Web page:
Leticia Vasquez calls hers a "typical immigrant story." Her parents, poor strivers from Mexico, raised five splendidly thriving children--one of whom, Leticia, 34, is now mayor of Lynwood, Calif., the small town where she grew up. It is a heartwarming tale that readily brings to mind a host of clichés about the American dream. But the story does not end with wine, roses and applause. Instead it segues into the troubled terrain of race, corruption and polarization.
Of late, Vasquez has been pilloried by fellow Mexican-Americans for being--in her estimation, at least--too sympathetic to black constituents. Her foes, whose attempt to recall her failed last week when their petitions were found to be lacking, claim race has nothing to do with their discontent. Armando Rea, a former mayor and prominent critic, says the problem is that Vasquez, a "pathological liar," is intent on levying taxes the community cannot afford. Fliers circulated by recall proponents also portray her as the puppet of a former mayor, Paul Richards, who is black and is currently in prison for siphoning off city funds. Vasquez, who says she barely knows Richards, sees the charges as nothing but a smoke screen for racism: "There is this mind-set that if you support someone outside of your ethnicity, you must not like who you are."
Welcome to the topsy-turvy world of ethnic politics in the 21st century, when blacks and Latinos, once presumed to be natural allies, increasingly find themselves competing for power and where promotion of racial harmony is as likely to evoke anger as admiration. Lynwood is a case study in the power of prejudice, the pitfalls of ethnic conflict and, perhaps, ultimately, the potential for interethnic cooperation. It may also foreshadow America's future--one that will increasingly see blacks and Latinos fighting, sometimes together and sometimes each other, to overcome a history of marginalization.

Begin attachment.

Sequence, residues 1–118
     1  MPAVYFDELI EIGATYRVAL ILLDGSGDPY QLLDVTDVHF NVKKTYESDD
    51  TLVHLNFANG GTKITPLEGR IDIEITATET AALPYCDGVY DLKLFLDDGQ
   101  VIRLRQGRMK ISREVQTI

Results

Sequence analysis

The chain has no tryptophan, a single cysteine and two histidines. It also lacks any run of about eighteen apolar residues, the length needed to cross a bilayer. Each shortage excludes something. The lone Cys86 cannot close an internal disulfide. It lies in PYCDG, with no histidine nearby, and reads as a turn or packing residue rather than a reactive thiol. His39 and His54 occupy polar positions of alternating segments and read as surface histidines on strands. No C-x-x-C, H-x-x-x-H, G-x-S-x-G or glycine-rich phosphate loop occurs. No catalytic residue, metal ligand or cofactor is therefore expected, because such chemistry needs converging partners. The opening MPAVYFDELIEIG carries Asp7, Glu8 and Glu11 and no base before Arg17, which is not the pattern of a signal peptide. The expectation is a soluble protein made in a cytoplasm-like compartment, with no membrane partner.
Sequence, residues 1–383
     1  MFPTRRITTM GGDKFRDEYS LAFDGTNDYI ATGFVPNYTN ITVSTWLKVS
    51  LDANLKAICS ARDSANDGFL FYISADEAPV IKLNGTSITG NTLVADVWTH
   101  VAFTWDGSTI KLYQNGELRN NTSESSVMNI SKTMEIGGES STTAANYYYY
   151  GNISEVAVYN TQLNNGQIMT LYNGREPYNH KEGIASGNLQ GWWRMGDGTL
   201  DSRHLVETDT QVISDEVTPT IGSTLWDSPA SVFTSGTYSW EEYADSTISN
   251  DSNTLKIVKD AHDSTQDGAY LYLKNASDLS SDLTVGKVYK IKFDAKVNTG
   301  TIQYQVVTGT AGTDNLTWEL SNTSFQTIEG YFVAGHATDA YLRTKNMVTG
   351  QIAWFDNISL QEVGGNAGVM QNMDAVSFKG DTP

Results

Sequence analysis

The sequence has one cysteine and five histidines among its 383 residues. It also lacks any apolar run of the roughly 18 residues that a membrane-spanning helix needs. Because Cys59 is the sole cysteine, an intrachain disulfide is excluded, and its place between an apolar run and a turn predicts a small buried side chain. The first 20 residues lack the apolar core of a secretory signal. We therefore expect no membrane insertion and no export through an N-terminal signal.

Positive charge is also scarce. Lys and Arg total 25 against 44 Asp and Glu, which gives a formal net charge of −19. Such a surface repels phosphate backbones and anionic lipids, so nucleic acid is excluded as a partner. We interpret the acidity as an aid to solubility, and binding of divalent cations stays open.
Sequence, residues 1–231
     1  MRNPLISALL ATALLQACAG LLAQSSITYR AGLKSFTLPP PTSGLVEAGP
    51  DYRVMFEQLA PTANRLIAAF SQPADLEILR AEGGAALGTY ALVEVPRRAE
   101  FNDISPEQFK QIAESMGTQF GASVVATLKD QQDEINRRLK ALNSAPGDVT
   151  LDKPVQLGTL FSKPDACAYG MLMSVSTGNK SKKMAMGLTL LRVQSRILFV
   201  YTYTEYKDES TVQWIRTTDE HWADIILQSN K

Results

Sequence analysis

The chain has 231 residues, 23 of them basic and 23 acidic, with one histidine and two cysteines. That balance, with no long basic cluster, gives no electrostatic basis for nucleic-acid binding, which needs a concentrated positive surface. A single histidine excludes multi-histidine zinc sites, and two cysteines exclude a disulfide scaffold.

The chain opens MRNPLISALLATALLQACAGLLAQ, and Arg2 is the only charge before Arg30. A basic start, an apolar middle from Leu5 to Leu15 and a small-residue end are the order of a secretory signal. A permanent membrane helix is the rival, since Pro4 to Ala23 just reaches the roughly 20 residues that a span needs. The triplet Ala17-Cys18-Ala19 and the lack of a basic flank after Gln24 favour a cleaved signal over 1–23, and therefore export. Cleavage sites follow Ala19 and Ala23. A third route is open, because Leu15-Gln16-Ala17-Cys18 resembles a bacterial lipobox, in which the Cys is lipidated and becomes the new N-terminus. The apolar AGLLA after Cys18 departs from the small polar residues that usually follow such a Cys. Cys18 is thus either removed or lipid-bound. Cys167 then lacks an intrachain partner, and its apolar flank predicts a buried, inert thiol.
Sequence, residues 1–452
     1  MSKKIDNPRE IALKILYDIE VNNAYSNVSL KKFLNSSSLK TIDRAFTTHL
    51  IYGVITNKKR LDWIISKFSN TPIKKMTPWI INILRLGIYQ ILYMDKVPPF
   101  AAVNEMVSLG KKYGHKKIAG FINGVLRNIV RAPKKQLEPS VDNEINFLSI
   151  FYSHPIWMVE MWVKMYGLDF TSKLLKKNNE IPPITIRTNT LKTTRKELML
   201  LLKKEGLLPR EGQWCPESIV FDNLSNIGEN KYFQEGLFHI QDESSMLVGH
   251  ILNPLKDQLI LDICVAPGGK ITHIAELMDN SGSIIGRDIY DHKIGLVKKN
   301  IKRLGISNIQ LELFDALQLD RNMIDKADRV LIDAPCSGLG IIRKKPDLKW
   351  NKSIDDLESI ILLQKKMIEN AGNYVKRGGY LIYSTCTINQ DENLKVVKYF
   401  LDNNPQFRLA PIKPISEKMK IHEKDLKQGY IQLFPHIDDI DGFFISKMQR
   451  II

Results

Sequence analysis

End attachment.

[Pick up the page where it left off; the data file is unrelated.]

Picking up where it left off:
Lynwood's ethnic tensions stem, in part, from the town's rapid ethnic transformation. In the 1970s, blacks began to arrive in significant numbers in the small, largely white, bedroom community of Los Angeles. In 1983, Lynwood elected its first black council member, Robert Henning, who was joined two years later by Evelyn Wells--a black female, who promptly nominated Henning to be mayor. The council (which names the mayor) went along. Blacks quickly came to dominate the political power structure. Meanwhile, Latinos were growing in number. Rea, the first Latino council member, was elected in 1989. In 1997, Latinos (who now comprise 82 percent of the city's 72,000 residents) gained control of the five-member council. Vasquez, who was not then active in politics, remembers "people knocking on the door saying we needed to get rid of black city-council members."
With Rea installed as mayor, the city fired several blacks and dismissed some black contractors. "They got rid of 15 people at one time. Thirteen of those people were black," claims the Rev. Alfreddie Johnson, a Vasquez ally currently on the council. Three black contractors filed suit accusing Rea and his allies of rampant racial discrimination. Rea adamantly rejected the allegations. "There is no color in my council," he declared at the time. No one currently in government seems to know exactly how much ultimately was paid out to settle discrimination complaints or how many people were affected, but Vasquez and Johnson insist that the amount was substantial and the experience traumatic. A former schoolteacher elected in 2003, Vasquez sees herself as a bridge between the two communities. Johnson sees Vasquez as a godsend: "The unique thing about her [is] ... she has this huge affinity for black people." Many longtime black residents are grateful. "We need somebody, regardless of what race they are, to speak for us, too," said Dorothy Smith, a retired teacher and social worker. "A lot of them [Latinos] want to shut us out completely."